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Keeping an accent

(11 Posts)
fukkigucci Thu 13-Mar-14 19:31:11

Hi all,

I was born in London, and have a noons on accent. DH is American. We lived in the Middle East until a few months ago when we moved to the US.
Dd1 aged 6 has an American accent, picked up mainly from friends and from being in childcare from a young age.
Dd2, aged 2.5 has a very British accent! She's been primarily at home with me so her language skills have developed with my London accent being what she hears the most.
I'm just curious if this will stay? At what point does an accent become 'fixed?'
I'd love to hear other peoples experiences of this.

Thanks!

fukkigucci Thu 13-Mar-14 19:32:30

* weird typo there! I have a London accent!

crazykat Thu 13-Mar-14 19:45:19

I had an RP accent until I was 9 and we moved to Yorkshire and I picked up the local dialect. Now my accent is a mix of RP and Yorkshire.

crazykat Thu 13-Mar-14 19:47:23

Posted too soon.

You'll probably find your dd will pick up at least some of the local accent but will likely keep some of we current one.

MsMischief Thu 13-Mar-14 20:01:15

I've read that accents get fixed in late teens. No idea if it's true. I have my original accent and I moved away when I was 20. Dp has lived all over the world and has a Yorkshire accent, which is where he lived from 14 to 22.

BabyMummy29 Thu 13-Mar-14 20:08:19

I was led to believe that whatever accent a child has at age 9 will stay with them.. Weirdly my daughter who had a fairly strong SE English accent, lost it within 6 weeks of moving to Scotland but my son who never spoke when he lived in England speaks far more properly.

fukkigucci Thu 13-Mar-14 20:21:56

She sounds so sweet with her little London accent, I don't want to her to have a horrible American accent hmm
Ah well, part and parcel of moving here I suppose.

NinjaLeprechaun Sun 16-Mar-14 11:52:18

I moved from England to the US when I was nearly 8, and lost my accent/developed an accent within 3 months of starting school. It was entirely deliberate, because I hated being singled out for it.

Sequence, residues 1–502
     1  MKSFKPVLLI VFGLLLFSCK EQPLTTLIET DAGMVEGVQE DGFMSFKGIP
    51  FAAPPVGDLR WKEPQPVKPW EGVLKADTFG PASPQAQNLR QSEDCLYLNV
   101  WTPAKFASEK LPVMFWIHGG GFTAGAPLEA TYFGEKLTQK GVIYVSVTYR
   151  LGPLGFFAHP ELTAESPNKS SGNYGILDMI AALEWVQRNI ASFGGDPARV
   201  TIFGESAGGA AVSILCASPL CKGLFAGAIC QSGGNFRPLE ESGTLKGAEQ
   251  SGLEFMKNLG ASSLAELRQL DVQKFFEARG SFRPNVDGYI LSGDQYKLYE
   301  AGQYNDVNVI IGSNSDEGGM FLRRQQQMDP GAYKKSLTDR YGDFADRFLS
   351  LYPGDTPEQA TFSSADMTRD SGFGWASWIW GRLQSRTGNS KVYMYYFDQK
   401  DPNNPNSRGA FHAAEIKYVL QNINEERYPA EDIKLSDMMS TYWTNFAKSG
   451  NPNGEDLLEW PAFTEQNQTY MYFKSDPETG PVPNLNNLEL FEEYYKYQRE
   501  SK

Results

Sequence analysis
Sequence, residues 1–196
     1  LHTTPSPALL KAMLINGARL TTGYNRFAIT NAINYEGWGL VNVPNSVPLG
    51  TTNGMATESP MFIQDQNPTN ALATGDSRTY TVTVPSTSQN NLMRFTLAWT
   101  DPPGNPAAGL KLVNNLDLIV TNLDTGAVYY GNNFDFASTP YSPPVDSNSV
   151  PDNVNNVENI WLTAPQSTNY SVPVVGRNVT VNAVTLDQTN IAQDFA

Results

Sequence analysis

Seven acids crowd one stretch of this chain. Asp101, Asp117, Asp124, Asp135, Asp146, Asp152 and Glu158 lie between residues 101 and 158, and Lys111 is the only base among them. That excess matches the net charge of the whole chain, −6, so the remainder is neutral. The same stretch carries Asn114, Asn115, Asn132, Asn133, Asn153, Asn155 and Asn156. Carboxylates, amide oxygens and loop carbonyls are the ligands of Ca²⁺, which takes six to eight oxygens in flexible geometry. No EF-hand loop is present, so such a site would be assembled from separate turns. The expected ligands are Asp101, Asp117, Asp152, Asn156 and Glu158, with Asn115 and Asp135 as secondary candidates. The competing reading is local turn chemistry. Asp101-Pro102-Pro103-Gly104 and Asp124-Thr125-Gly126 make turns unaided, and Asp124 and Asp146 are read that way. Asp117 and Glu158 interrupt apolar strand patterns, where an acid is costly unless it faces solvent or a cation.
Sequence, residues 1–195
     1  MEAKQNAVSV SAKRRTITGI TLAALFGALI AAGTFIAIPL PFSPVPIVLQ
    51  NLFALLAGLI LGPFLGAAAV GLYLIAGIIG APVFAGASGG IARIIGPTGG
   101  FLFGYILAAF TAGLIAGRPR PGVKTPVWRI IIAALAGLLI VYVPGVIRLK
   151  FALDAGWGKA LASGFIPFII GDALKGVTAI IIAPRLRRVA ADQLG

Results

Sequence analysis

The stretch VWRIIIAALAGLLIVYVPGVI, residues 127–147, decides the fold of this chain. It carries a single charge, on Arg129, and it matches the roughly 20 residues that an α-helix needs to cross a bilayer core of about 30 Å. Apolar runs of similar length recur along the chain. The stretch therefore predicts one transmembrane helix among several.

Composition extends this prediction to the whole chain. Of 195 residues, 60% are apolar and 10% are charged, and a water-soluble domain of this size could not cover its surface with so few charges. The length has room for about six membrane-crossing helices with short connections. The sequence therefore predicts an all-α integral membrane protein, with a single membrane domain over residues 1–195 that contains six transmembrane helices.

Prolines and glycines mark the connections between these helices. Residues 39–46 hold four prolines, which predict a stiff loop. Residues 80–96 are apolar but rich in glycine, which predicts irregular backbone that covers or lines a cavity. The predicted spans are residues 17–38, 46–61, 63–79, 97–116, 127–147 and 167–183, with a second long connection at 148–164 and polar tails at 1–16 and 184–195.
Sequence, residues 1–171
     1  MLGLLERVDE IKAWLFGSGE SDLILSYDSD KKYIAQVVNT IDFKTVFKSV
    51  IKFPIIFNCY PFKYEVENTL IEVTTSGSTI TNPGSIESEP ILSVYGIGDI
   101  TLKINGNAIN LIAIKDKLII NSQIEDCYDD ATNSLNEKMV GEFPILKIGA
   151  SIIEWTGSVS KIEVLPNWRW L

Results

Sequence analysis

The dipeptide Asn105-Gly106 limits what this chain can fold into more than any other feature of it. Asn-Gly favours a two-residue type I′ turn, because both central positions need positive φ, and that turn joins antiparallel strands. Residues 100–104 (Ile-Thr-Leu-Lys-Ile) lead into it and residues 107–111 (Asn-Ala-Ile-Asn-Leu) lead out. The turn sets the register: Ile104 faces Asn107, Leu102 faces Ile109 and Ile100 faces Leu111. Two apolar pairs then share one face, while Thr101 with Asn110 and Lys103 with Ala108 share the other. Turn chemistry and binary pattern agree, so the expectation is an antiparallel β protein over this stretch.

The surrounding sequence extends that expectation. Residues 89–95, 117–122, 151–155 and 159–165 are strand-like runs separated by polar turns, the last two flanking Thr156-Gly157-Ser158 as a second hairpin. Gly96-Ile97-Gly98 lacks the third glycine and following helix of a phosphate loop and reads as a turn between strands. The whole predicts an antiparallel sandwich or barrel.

Hearing a mixture of US/British/Irish English through my childhood means I can murder dialect and syntax with the best of them I have some unusual speech idiosyncrasies, but nothing that would be recognized as an accent.
One odd result of all of it, though, is that I inadvertently pick up random accents that I'm exposed to even for a very short time.

NinjaLeprechaun Sun 16-Mar-14 11:55:10

Should say *speech and pronunciation idiosyncrasies.

I even previewed. Oh for an edit option. blush

loopyluna Sun 16-Mar-14 14:47:52

Some children seem more sensitive to accents than others. I'm from Durham but don't have much of an accent, just northern vowels and the odd hint of northerness. DH is French and we live in France but the DC go to an international school.

DS (14) is posh! He sounds southern/ expat and is not very good at imitating other accents.
My DDs (12 and 8) mostly sound like me. DD1 however is a chameleon -she sounds convincingly American when with American friends, totally geordie when "up north" with my family and beautifully RP when she reads aloud!
DD2's accent doesn't change involuntarily like her sister's, but her party trick is to deliberately speak in a Scottish/ Australian/ Brummie accent, just for fun.

I have an American friend from the States married to a Brit, living in France. Despite the fact that her kids spend much more time with her than her DH who works away, they all sound 100% British!

Guess you'll have to wait and see...

chrome100 Sun 16-Mar-14 18:41:48

My DP was born in Glasgow and had a full Glaswegian accent until he was 10, when he moved to Wales. He stayed in Wales until aged 14 and developed a Welsh accent. Then he moved to Yorkshire where he still lives now and has a mild Yorkshire accent (but definitely English, iyswim).

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